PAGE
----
But you are not truly broke if you can still pay for gas, groceries, your abode, medications and a few other items. Bottom Line: We can all be dead broke within days, weeks or 3-6 months unless we are millionaires. And studies prove that very, very few of us save even $500/month, and even fewer still have 3-6 months of income if employment or then niche field falls apart.

More on this another day…


By Terry Carter, Editor

A typical rich man knows not the pain of wanting, of waiting, of struggling each day. Sure, he wants more at age 30 than he had at 20. But it is all a measure of time. He will eventually get there.  He learns early that his job is to work hard and make money. His field of expertise? It is meaningless as long as it generates growing revenue.

A poor man also works hard, but he lacks drive, a focused skill to make millions in business for himself. He makes millions in his lifetime for another, and his reward is minimal. No 401k and no golden parachute here. A poor man’s mentality clearly states he must work for someone; it rarely allows him to work for himself, where he has a slightly better chance of winning the financial lottery with the same work ethic.

Without  a good education, specialized skillset, a mentor and some encouragement, a poor man will struggle mightily in this life. He will likely have 30-40 jobs — and most end in anger, frustration or confusion. Hungry and pissed off, the unprepared poor man has little thought of a better job and a brighter future. Instead he takes the first offer of work because he needs food today. This means minimum wage to $12/hour is his permanent pay range.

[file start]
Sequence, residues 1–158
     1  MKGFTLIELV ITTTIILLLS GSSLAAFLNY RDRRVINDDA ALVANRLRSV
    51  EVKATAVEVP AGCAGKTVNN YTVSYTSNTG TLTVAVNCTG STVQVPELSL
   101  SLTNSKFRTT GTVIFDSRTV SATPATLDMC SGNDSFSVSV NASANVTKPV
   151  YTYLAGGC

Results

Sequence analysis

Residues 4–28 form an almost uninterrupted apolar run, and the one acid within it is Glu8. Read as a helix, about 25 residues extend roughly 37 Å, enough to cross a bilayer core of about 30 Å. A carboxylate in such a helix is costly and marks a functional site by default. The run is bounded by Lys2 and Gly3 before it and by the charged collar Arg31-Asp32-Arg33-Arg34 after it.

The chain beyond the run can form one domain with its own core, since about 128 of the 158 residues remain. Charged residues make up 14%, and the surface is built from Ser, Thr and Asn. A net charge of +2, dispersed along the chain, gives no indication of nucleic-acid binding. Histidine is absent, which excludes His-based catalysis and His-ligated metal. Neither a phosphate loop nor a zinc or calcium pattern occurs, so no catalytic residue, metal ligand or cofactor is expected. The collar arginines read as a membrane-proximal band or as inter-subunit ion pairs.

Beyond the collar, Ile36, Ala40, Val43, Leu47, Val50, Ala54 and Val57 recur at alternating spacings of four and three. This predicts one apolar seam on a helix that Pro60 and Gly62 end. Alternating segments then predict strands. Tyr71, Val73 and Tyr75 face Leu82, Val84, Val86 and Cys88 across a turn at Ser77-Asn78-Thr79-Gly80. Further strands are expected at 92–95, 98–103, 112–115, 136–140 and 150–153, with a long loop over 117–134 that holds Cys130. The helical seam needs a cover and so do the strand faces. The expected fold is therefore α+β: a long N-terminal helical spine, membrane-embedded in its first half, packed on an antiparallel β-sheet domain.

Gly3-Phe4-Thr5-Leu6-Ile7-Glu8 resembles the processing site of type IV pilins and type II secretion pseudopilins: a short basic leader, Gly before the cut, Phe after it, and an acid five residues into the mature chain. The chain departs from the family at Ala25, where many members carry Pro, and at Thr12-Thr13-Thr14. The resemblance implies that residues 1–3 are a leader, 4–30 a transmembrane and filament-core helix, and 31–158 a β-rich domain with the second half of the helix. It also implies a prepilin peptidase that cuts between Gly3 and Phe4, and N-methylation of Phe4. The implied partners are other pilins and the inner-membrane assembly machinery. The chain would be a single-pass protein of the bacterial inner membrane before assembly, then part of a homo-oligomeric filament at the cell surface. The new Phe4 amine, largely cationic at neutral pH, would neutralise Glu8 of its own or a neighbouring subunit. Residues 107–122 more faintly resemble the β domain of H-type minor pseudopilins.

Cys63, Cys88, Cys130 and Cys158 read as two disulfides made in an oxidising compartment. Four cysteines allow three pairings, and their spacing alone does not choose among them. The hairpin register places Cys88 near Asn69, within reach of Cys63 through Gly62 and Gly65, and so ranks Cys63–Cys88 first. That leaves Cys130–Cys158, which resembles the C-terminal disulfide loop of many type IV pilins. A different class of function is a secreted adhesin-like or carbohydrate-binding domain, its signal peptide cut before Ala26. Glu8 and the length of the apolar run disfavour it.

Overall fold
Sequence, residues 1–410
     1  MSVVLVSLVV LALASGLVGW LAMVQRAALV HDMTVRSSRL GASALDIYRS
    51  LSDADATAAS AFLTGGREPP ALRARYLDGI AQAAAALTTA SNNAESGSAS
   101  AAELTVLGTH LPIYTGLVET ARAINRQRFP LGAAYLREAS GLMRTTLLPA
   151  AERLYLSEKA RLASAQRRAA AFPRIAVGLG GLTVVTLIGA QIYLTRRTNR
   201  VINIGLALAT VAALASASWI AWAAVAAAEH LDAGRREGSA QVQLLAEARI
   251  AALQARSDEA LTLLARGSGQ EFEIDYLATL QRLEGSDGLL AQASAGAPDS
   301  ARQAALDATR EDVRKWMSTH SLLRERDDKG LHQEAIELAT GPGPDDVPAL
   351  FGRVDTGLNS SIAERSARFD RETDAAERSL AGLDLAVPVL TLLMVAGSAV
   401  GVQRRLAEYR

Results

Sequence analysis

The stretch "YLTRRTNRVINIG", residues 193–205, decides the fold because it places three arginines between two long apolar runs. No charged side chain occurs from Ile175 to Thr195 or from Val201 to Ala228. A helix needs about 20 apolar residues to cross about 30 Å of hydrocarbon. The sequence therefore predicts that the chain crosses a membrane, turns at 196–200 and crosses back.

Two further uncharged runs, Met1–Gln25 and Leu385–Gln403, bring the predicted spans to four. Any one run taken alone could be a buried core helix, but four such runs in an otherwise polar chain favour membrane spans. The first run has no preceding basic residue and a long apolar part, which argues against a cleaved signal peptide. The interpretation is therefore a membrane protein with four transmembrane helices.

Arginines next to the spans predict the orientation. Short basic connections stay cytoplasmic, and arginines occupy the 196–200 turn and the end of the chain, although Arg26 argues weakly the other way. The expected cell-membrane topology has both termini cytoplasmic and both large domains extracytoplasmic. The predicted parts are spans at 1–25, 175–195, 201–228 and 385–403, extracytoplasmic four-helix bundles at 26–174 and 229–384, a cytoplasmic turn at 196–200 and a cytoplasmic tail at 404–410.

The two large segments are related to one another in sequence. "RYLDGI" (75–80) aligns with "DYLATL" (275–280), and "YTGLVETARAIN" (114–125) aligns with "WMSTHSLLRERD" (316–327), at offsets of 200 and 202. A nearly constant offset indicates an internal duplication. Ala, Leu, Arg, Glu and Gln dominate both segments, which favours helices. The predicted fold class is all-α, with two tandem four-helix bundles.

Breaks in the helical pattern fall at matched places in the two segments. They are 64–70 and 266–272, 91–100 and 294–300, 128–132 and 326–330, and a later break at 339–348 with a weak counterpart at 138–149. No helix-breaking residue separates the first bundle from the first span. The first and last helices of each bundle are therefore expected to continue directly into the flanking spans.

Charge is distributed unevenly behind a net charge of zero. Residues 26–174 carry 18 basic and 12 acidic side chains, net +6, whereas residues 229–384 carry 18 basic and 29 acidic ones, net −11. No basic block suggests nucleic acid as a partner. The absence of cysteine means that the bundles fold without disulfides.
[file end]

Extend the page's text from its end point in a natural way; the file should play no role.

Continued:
His is a reactionary move, — not one of learning, planning and marketing as the rich man learns. And managers have a knack at reading people interviewing as not worth a bump in pay and then offering only the lowest rate available. And a struggling person, who has been hungry and unemployed, has a tendency to accept any amount because it means a chance to eat again. Forget that he/she may be weeks without prescription medication, months with a hole in their only boots and sleeping in an old vehicle.

In all likelihood, the poor person struggles at his first job and continues to struggle until he is laid-off from his final job. Then he dies and can only be buried through the donations of family members or government.
The rich man, even when young, is taught to learn from each mistake, each maneuver. If a job is lost — and this is a key separator between the rich and poor mindsets — the rich either learn a valuable lesson and apply it or they KNOW the person who fired them made a mistake. The problem in any firing is not with the rich-mindset employee. It is with the employer.

For the poor-mindset employee, they are blamed and assume full blame when  And, most likely, they have family at home willing to back up that hypothesis repeatedly. And that reinforces what a poor, miserable wretch this now unemployed person is. The poor self-esteem is reinforced daily at home, at work and by everyone this alleged loser meets. How nauseating.

While the rich mind focuses on winning, on making more money, the poor mind focuses on what they want most. They focus on the recreational time and the fun, amusement they cannot afford to enjoy. 
If the rich man is then taking all the cash and getting richer, how does the poor man compete? Actually it is usually the poor women who compete and outsmart the rich best. By have many children, by earning disability benefits in court, by suing for millions with clever attorneys, by using government programs like food stamps, subsidized housing and the Gold Card, the poor have found a workable niche built by the Democrats for the underprivileged. And by broadcasting their plight to wealthier people they work for, the hard-working, yet poor, person, often takes home donations like food, furniture, toys, clothing.

They may never be rich, but millions of hard workers in America currently have more available cash than middle-income U.S. citizens. Even the contractor working day jobs or on construction sites and cannot speak English, take home enough cash to send money home or buy Tequila and smokes on the weekend. Think about.